In the last decade, ASHF has grown to become one of the largest social services providers in the region. Our services target very high-risk populations including veterans, mothers with children, homeless young adults, and the formerly incarcerated. We design individualized service plans for our clients that address the root causes of poverty, homelessness, and partner with organizations, businesses, and governmental agencies to increase their educational attainment, secure safe and affordable housing, and gain living-wage employment. Our comprehensive Continuum of Care Core Services includes the following:

• Housing is the principal service that ASH provides to our clients. We believe housing serves as a form of healthcare, which provides the first step in healing for a myriad of other issues. ASH offers a variety of housing options and recovery settings, including interim, permanent supportive, recovery homes, veterans housing, and affordable housing.

• In 2001, A Safe Haven was awarded one of the very first provider license issued by the State's newly established regulating agency: the Illinois Department of Human Services, Division of Alcoholism and Substance Abuse.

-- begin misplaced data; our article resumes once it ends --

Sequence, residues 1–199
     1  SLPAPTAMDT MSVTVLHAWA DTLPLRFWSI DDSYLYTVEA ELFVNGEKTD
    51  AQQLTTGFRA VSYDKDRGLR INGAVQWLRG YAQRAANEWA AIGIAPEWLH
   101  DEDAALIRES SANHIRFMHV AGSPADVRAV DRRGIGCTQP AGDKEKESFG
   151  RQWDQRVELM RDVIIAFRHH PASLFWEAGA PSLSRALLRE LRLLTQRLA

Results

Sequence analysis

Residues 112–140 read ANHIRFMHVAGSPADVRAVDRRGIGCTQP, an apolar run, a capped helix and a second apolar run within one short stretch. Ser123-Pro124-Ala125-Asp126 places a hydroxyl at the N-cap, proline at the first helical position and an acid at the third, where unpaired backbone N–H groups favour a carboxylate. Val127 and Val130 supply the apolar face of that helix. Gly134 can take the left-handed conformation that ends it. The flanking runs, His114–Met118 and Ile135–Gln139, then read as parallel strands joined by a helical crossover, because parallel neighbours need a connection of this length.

• ASHF's Adult Education Program helps clients set the foundation for their future success and supports ASHF's goal of ending homelessness. Core classes include GED preparation, contextualized literacy, basic math, reading, computer literacy, and life skills.

• ASHF's Center for Workforce Development collaborates with companies and organizations to help clients overcome barriers to employment. As the only STRIVE Job Readiness affiliate in Illinois, clients complete pre-employment training, including resume writing, interviewing preparation, communication skills, and conflict management. We have six industry-specific training programs available for trainees to matriculate to Welding, Culinary Arts, Landscaping, Customer Service Skills, Security, Maintenance, and Hospitality.